The Public Execution of the Conspirators of the Abraham Lincoln Assassination

By | June 30, 2016

After the assassination of Abraham Lincoln, the government arrested hundreds of people. Most were released because the evidence against them was insufficient. However, eight people were charged and on May 1, 1865, President Andrew Johnson had a military commission try the accused persons.

This series of macabre images by Scottish photographer Alexander Gardner were taken moments before the execution of the four known Lincoln conspirators: David Herold, Lewis Powell, Mary Suratt and George Atzerodt.

The actual trial started on May 10th and lasted for about 7 weeks. The defendants were allowed to have their lawyers and witnesses, but were forbidden to testify on their own behalf.

On June 29, 1865, the Military Commission met in secret to deliberate and review the trial. For a death sentence to happen, 6 votes from the 9-member commission was required.


The next day, a verdict was reached. The commission found 7 of the accused guilty of at least one count of conspiracy, while the four others: David Herold, Lewis Powell, Mary Suratt and George Atzerodt were sentenced “to be hanged by the neck until he / she be dead.”

Samuel Arnold, Dr. Samuel Mudd and Michael O’Laughlen received a sentence of “hard labor for life,” while Edman Spangler was sentenced to a 6-year prison time. The very next day, General Hartrandft informed the four prisoners that they would hang the next day.


David Herold (below)- A 21-year-old impressionable and simple-minded pharmacy clerk. He accompanied the injured Booth to the home of Dr. Samuel Mudd, who set Booths' injured leg. The two men then escaped through Maryland and Virginia until they were caught by the authorities in a barn. Herold surrendered but Booth was shot and died a few hours later.


Lewis Powell (below)- Powell was a former Confederate prisoner of war. He was recruited to be the muscle of the kidnapping plot. When the kidnapping plan failed, Booth told Powell to kill Secretary of State William Seward. He went into Seward’s home and severely injured Sec. Seward, Seward’s son and a bodyguard.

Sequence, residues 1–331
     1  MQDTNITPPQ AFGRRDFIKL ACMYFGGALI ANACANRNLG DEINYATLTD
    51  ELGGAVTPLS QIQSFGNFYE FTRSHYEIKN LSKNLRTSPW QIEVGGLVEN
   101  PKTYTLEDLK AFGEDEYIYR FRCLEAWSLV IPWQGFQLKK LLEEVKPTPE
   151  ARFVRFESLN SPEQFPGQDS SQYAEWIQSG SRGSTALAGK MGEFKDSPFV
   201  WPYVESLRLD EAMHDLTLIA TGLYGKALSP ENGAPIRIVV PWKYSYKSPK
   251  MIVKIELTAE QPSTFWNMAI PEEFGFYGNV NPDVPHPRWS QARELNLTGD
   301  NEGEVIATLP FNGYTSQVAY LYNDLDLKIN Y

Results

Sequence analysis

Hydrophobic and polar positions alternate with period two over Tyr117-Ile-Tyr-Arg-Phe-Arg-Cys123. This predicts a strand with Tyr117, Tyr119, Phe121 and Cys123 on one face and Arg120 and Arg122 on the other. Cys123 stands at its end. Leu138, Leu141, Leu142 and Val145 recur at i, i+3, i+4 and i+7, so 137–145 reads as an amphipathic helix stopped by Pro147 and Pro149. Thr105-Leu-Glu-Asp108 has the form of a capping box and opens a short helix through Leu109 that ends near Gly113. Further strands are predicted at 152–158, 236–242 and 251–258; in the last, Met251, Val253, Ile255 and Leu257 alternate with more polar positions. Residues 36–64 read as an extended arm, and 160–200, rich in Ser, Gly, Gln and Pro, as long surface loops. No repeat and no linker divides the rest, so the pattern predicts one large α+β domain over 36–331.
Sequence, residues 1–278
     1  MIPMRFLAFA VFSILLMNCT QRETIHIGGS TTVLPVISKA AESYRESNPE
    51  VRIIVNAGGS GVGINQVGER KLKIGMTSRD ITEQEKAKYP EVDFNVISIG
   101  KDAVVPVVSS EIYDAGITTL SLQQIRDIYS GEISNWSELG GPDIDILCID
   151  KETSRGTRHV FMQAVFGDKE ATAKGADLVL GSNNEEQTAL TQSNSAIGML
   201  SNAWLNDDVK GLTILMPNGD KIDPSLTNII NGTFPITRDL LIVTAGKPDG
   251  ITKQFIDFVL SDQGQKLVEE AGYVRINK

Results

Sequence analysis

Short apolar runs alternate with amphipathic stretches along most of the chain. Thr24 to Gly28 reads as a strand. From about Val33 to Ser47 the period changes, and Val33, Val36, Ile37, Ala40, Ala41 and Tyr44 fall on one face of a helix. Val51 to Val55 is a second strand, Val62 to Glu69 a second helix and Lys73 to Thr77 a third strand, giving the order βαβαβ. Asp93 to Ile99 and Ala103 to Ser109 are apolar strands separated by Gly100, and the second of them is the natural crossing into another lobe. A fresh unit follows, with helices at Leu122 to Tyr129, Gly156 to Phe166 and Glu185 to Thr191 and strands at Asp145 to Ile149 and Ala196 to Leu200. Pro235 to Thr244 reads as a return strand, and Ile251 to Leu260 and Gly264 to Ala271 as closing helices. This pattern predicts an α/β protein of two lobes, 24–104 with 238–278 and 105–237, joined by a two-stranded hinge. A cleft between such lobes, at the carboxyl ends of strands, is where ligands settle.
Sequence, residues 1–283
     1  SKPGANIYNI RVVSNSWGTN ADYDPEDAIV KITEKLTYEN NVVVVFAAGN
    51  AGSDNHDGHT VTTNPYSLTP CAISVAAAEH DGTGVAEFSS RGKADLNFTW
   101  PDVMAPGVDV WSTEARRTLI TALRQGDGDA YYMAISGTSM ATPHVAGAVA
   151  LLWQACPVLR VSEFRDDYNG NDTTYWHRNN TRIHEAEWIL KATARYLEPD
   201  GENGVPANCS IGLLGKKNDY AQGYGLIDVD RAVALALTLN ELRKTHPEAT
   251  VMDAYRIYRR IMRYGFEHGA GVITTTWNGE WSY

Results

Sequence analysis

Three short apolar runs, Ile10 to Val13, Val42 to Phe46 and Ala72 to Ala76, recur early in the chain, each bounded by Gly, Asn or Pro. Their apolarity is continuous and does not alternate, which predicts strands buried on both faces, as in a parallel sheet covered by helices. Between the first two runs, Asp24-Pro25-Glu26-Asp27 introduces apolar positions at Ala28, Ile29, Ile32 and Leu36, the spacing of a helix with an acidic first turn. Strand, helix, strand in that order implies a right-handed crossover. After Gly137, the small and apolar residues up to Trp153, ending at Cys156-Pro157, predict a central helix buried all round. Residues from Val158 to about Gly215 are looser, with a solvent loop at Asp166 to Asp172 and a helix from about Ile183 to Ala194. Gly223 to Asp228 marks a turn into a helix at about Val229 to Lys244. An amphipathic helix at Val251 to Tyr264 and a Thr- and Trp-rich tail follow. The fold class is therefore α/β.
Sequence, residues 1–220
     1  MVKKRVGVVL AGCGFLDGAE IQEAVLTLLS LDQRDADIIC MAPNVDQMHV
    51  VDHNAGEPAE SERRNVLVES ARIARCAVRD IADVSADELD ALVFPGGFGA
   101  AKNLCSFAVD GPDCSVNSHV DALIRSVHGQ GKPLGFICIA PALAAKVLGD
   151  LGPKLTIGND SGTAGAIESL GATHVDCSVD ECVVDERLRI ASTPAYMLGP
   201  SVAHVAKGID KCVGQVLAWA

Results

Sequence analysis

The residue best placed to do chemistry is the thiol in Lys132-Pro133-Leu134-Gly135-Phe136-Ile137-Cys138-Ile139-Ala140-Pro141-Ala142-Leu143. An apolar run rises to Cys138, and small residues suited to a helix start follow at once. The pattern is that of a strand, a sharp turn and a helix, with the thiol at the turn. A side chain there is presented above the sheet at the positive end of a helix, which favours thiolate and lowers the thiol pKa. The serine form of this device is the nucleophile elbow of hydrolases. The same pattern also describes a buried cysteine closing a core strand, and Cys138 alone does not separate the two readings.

Mary Suratt (below) - owned the boarding house in Washington, DC where the conspirators met. She was the very first woman executed by the US federal government.


George Azterodt
(below) - was a carriage painter and a boatman who helped ferry Confederate spies across Maryland waterways during the war. He was recruited by Booth to kill Vice President Andrew Johnson, but lost his nerve and stayed in a bar, drinking, instead.


On the afternoon of July 7, 1865, the four conspirators climbed the hastily built gallows. More than 1,000 people, which included government officials, members of the US armed formed, friends and family of the condemned, witnesses, and reporters, came with their tickets as spectators of the execution.


Nooses were placed around their necks and hoods were placed over their heads.


After the last rites, the trap door was opened and all four fell. It was reported that Atzerodt yelled at this very last moment: “May we meet in another world.” They were all dead within minutes.


The bodies were left to hang and swing for 25 more minutes before they were finally cut down.


Over the years, people have questioned and attacked the verdicts and procedures of the 1865 Military Commission. They claimed that the sentences were unduly harsh and criticized the fact that a death penalty was imposed with only a two-thirds vote of Commission members. Critics have also complained about the lack of proof and the lack of opportunity for the defense counsel to prepare adequately for the trial.



Photos: Library of Congress | H/T: Dailymail